When I first saw it I remember saying, “What’s that up there? it looks like a *** Lion”.  It was about 6 or 700 metres away and you could see the shoulders going (like a cheetah) as it moved with the slow deliberation of a serious predator.   I got my monocular on it and thought it looked like a Puma but its colour against the background and the distance made it difficult to make out the head shape.  However even though it was approaching from some dead ground the goats had thoroughly spotted it.  The nearest was a large brown one with a white kid which appeared to be standing defiantly as a sentinel but as our beast got closer it hurried back into the heard.  (Our beast was a bit bigger at the shoulder than the goat and appeared to have a lot more bulk).  I could also see at least one raven or alpine cough diving down harassing our beast – this can be seen in a picture.  Maybe it was around their nest (July ??) and they were not happy or they just didn’t like it.  It appeared to stiff the ground or stick its head in a hole at one stage after it had given up on the goats.  I took five pictures on maximum zoom within 3 mins as it moved towards the goats.  My group then got bored (as none of them had a camera or binoculars) and wanted to get on down to the valley (Philistines!).  I finished off my coffee then took a final photo; by now our beast was sitting on its haunches and appeared to have spotted us.  I have six photos in all and have emailed them to Nick.

To be honest I really don’t know what this was. Some of the photos look like a wolf and some like a big cat or dog.  The odd pixel can play tricks and we need some CSI magic software.  If anyone talks to the farmer and he owns a St Bernard that likes to wander off then the mystery is solved.  I must say it did not move or behave like any dog I have seen before.  That’s why I was interested in your web article on Wolf/dog crosses.  If they shoot a wolf in the area (as they seem very keen to do by the pictures in the bars) then that’s another possibility.  Please let me know.
As a thank you for guiding them on this trip the group bought me a present - some binoculars ‘for beast spotting`!

Offline lisa

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« Reply #24 on: July 25, 2007, 07:21 AM »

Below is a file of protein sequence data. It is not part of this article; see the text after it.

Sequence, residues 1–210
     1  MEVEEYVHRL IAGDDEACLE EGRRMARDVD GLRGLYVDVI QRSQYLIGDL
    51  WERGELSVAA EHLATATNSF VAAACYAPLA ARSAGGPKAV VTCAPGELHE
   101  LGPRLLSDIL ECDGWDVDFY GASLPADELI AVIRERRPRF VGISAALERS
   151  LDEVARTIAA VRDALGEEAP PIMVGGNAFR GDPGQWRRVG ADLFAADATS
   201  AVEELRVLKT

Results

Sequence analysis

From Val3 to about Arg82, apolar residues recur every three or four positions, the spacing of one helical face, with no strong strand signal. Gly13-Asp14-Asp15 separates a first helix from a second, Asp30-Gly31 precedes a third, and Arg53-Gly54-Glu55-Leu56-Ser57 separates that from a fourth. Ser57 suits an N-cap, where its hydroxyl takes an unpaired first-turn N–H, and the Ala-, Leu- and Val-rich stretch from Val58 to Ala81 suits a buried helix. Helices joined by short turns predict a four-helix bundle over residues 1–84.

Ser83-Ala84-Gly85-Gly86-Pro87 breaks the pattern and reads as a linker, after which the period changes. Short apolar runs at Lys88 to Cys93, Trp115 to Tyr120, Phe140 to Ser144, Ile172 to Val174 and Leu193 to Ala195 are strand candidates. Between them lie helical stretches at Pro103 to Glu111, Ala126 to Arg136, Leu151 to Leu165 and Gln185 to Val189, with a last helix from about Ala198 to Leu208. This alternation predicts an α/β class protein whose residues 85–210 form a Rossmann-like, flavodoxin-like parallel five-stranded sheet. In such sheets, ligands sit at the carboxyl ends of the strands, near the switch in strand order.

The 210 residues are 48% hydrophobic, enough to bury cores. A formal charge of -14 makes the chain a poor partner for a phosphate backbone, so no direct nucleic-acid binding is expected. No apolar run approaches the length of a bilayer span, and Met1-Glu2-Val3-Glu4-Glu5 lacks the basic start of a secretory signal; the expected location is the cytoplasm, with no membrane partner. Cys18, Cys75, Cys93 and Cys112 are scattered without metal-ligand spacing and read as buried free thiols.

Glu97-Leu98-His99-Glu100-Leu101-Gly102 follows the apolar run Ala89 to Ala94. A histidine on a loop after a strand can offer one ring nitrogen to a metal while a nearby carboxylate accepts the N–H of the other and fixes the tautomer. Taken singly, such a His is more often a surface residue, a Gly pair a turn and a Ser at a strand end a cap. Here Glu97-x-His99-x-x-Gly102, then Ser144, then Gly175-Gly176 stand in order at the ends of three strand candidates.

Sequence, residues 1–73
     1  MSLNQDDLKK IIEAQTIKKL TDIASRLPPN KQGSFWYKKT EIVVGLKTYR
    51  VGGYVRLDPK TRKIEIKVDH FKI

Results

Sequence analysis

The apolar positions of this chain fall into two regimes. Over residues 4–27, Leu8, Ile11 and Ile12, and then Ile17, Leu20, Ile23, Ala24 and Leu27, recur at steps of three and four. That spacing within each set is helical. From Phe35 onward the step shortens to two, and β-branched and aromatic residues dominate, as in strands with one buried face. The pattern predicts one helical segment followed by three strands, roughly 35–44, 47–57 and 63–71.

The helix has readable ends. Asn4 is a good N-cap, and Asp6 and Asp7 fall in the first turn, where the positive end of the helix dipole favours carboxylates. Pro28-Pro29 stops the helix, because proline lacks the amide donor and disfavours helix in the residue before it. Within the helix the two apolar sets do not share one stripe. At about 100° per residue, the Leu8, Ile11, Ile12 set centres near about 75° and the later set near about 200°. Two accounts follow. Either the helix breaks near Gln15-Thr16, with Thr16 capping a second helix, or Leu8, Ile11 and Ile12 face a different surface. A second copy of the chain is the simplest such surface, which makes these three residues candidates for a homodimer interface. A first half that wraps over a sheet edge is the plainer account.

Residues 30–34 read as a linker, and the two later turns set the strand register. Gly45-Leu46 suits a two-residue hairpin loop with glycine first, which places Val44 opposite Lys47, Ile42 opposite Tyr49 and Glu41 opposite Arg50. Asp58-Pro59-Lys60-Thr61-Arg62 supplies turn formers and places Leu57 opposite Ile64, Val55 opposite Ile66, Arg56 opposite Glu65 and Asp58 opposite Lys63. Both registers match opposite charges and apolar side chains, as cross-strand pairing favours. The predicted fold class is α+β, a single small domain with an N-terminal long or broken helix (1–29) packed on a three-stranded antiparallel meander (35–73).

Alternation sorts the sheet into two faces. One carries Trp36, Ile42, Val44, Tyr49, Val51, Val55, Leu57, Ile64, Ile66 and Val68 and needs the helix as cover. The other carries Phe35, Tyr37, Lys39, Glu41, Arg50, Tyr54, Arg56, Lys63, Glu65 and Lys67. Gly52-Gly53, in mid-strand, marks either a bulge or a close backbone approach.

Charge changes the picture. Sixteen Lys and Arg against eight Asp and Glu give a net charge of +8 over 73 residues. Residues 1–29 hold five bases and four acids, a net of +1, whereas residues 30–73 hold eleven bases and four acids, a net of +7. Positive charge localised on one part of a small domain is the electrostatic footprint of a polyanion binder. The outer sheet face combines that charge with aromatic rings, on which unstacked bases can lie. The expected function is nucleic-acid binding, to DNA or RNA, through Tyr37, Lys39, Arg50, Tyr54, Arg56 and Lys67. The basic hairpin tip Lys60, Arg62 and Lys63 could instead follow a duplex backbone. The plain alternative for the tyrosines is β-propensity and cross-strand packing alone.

Hi Steve H, thanks for sharing the info straight from the horse's mouth (so to speak!) Took me a while to work out "stiff the ground" though. I thought it may have been a biological or military term...
I don't know if you've looked at the photos of Spanish mastiiiffs, but from your description of the movement of it's shoulders and the way it just sat and looked at you then it sounds like mastiff. They wander around the edges of the flock which may look like prowling. I wonder, did you notice the head protruding at all?
Anyway, it's also quite possible to have been a wolf. You're right they do get shot even though we're not exactly over-run with them though there are some conservation groups working on the education of farmers.
Hope your group wasn't too restricted in its activities in the Picos.
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Offline Steve H.

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« Reply #25 on: July 25, 2007, 10:02 AM »

  Sorry, for stiffing read sniffing ! 

Offline lisa

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« Reply #26 on: August 01, 2007, 23:15 PM »
Oh dear. Found some disturbing news from lne.es Jan. this year;

"El PP quiere la cara norte de los Picos «libre de lobos» y que esta especie sea cinegética.
 
Ovidio Sánchez, líder regional del PP, planteó ayer, en Cangas de Onís, que el lobo sea erradicado de la vertiente norte del parque nacional de los Picos de Europa -que la zona quede «libre de lobos», en sus propias palabras- y que esta especie sea declarada cinegética. Además, Sánchez exigió que se agilice la salida de los núcleos rurales del espacio protegido y que se elabore un nuevo plan rector «de acuerdo con los vecinos»."


Erradicated! I'm very worried about the devolution of control of National Parks into the hands of people such as this delightful h### de ####.
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Offline spanishfreelander